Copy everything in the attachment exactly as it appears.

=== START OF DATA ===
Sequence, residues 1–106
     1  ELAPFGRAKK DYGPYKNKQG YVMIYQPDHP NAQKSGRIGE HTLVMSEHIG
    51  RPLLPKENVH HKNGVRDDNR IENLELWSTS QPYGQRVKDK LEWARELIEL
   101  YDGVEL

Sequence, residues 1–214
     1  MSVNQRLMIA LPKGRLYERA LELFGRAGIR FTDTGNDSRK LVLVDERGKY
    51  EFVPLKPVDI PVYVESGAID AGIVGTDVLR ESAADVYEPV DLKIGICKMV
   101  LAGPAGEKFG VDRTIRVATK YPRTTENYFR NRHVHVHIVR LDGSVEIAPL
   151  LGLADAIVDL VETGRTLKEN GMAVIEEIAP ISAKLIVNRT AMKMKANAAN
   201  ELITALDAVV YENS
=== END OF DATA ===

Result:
Sequence, residues 1–106
     1  ELAPFGRAKK DYGPYKNKQG YVMIYQPDHP NAQKSGRIGE HTLVMSEHIG
    51  RPLLPKENVH HKNGVRDDNR IENLELWSTS QPYGQRVKDK LEWARELIEL
   101  YDGVEL

Sequence, residues 1–214
     1  MSVNQRLMIA LPKGRLYERA LELFGRAGIR FTDTGNDSRK LVLVDERGKY
    51  EFVPLKPVDI PVYVESGAID AGIVGTDVLR ESAADVYEPV DLKIGICKMV
   101  LAGPAGEKFG VDRTIRVATK YPRTTENYFR NRHVHVHIVR LDGSVEIAPL
   151  LGLADAIVDL VETGRTLKEN GMAVIEEIAP ISAKLIVNRT AMKMKANAAN
   201  ELITALDAVV YENS